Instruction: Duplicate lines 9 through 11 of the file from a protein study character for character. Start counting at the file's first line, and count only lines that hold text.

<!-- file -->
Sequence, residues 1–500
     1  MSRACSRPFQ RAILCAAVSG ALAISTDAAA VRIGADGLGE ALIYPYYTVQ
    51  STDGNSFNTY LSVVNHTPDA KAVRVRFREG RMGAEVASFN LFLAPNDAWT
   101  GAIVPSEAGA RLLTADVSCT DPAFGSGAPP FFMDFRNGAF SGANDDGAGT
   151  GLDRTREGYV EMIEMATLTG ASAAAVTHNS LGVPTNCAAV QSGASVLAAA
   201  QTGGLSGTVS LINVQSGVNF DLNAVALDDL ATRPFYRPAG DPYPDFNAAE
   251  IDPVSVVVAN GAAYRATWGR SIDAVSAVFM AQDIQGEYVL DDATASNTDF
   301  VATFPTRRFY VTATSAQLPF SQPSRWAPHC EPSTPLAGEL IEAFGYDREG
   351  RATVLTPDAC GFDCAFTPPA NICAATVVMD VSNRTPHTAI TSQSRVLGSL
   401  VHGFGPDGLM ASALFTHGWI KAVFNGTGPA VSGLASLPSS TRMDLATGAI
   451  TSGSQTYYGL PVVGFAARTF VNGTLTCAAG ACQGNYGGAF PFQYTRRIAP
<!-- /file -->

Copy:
   351  RATVLTPDAC GFDCAFTPPA NICAATVVMD VSNRTPHTAI TSQSRVLGSL
   401  VHGFGPDGLM ASALFTHGWI KAVFNGTGPA VSGLASLPSS TRMDLATGAI
   451  TSGSQTYYGL PVVGFAARTF VNGTLTCAAG ACQGNYGGAF PFQYTRRIAP